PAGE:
8. #8
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    Quote Originally Posted by Bongo Boy
    Yes, 'instrumentally demanding' is something I can appreciate...I can appreciate that other folks appreciate it. I, on the other hand, would never notice or appreciate nor care about it. I simply don't know when it's going on and don't care.
    I think this is probably a point on which I have previously disagreed with JonR (shock horror!). It's partly to do with the question of who you are playing for, and I think in the past Jon was talking about the need for an audience & the need to play for others.

    But when it comes to guitar playing, or for that matter if I was painting (ie pictures!), I think I do that mainly for my own appreciation and according to my own personal goals and objectives, not really for the enjoyment of an audience.

    If the audience like it, then great. But if they don't, then I'm not going to change and just start doing something they do like. Not at all. Instead I may pause to think why I do things the way I do, but in the end I have to do what I think is right for the reasons that appeal to me ... so I have to play the way I want, to meet my own objectives, for my own personal reasons.

    And as an instrumentalist, that may mean playing more complex things which appeal to my ears and my emotions, rather than trying to produce something with a simpler catchy tune which may have much wider audience appeal.

    It doesn't mean that I dismiss Bob Dylan songs or whatever/whoever. But my own personal interest in actually playing guitar is not something which is simply about "music" in that sense ... it's also about the beauty and ideal of mastering the instrument for it's own technical sake ... to achieve something with guitar, even if there might be a much simpler and quicker way to make musical expression using say electronics.

    Of course I'm still influenced by all the famous guitarists of the past, so I'm not claiming my approach is in pure isolation, or coming purely from me. No. It's all related, and it's all part of a continuous spectrum of musical ideas/approach ... but I just mean that it appeals to me to play more towards the technical isolationist personalised end of that spectrum ... and that's not just a boring or empty "technical" approach, it's also about "art" imho.

    Ian.

    Ps:- I didn't mean lyrics are ever catchy (I don't think they are, not to me at least). I meant the pop tunes may be catchy (which is good, & not always so easy as it may seem/sound).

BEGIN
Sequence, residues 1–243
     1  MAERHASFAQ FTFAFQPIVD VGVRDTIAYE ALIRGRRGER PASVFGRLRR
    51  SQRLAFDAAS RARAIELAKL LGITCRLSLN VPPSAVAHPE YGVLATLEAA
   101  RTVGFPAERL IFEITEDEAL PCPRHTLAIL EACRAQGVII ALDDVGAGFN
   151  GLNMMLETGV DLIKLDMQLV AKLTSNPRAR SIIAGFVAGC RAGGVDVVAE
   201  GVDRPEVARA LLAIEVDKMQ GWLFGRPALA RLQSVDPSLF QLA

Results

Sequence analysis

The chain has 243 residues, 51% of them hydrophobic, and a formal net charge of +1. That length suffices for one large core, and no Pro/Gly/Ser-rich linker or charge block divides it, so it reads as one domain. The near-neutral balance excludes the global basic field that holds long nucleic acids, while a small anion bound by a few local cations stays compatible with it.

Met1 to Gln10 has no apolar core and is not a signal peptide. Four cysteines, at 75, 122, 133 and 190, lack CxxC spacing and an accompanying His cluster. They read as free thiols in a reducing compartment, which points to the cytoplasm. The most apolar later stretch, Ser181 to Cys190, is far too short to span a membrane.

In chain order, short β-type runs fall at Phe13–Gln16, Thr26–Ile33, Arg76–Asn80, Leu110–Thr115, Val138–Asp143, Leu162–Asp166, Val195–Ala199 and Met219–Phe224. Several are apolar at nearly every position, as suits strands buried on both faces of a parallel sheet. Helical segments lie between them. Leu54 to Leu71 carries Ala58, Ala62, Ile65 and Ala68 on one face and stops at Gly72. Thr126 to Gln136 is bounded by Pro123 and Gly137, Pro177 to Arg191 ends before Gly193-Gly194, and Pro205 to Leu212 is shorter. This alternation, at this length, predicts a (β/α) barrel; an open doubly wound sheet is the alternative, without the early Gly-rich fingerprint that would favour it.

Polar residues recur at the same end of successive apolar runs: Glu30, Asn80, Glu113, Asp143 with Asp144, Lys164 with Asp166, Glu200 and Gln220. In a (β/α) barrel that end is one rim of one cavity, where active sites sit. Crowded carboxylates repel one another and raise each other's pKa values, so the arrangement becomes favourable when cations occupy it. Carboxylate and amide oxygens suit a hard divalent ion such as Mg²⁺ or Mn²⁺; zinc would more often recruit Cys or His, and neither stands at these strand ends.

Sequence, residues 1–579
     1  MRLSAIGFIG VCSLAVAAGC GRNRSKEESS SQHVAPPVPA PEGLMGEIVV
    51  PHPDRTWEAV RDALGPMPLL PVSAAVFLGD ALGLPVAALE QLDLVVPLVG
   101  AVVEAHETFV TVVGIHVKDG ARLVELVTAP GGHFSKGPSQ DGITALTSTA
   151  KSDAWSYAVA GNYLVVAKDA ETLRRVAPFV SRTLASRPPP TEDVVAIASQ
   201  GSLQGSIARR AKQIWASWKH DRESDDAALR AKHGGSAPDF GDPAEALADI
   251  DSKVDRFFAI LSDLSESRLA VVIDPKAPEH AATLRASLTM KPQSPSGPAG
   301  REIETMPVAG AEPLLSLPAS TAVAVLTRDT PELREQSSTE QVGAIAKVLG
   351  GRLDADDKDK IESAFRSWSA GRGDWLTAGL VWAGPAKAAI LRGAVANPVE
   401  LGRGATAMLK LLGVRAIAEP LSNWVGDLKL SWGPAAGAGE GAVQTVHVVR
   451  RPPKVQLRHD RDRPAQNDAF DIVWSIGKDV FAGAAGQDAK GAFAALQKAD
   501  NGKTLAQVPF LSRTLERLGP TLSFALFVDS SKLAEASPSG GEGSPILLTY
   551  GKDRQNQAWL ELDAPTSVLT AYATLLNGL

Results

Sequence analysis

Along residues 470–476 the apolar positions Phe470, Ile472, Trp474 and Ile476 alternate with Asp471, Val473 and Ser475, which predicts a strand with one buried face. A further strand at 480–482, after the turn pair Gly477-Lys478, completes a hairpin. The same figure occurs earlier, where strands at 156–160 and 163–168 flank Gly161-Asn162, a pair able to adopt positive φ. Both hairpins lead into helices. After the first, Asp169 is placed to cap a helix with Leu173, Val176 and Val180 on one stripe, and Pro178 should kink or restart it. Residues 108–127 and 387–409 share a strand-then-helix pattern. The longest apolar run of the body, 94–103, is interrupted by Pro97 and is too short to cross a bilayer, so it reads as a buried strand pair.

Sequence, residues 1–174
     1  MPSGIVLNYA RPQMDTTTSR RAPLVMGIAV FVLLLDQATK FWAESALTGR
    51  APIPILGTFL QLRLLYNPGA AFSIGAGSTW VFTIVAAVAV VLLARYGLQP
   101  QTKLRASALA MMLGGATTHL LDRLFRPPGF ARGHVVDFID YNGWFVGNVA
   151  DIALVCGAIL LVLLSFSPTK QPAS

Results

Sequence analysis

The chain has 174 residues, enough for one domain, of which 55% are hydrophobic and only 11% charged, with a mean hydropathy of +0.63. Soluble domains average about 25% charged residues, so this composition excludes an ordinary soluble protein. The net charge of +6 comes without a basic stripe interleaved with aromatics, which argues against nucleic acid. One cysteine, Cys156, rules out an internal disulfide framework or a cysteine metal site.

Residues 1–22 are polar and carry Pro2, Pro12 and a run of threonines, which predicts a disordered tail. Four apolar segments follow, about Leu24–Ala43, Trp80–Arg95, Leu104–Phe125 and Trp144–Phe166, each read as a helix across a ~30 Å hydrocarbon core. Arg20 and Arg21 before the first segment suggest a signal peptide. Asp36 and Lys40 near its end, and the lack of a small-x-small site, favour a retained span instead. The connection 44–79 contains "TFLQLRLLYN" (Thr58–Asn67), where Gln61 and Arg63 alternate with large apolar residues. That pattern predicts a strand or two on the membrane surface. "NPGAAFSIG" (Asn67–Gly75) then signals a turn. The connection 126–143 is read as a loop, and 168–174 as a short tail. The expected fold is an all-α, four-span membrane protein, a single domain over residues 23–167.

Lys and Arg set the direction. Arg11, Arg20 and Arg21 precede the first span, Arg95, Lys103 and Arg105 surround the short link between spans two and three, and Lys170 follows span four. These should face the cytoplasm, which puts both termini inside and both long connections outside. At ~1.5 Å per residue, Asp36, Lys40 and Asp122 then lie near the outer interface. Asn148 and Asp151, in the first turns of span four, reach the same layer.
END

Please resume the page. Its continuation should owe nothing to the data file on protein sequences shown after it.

But, have to admit - I've never understood any appeal in poetry (eek!).

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    Bongo Boy, it's great to have you around here again !!

    poetry is a wonderful artform,
    but much about music &/or poetry that we as people not just musicians emotionally identify with will be subjective in that it may affect us and how it does affect us.

    that's not to say that music doesn't connect with people on an emotional level, obviously it does.
    it's amazing how listening to a song that has some emotional meaning to you the act of listening to that song will many times cause you to remember a happy, sad, passionate, etc memory associated with the many times you listened to that song.

    that right there demonstrates the importance of music in our lives. consider this example:

    a movie soundtrack as a session musician who is brought in to read and play a musical "score" which contains a minor chord progression mostly through individual arpeggios,

    in the movie the girl is hoping to find her best friend, which is her beloved dog
    and she says "I sure wish I could find sparky, i would sure tell him i'm sorry for ignoring him"

    and your watching the scene without music, and you really aren't that affected by the scene,

    but then the music gets added to the scene, and it affects you completely differently to watch that scene now, because the music emotionally connects you to the movie scene and story.
    your like emotionally affected, and really start to hope the girl finds her dog,

    or you watch the first Halloween movie, with the killer Michael Myers, just think how much more important the music is in that movie, then if you watched it with the sound off during most of the movie.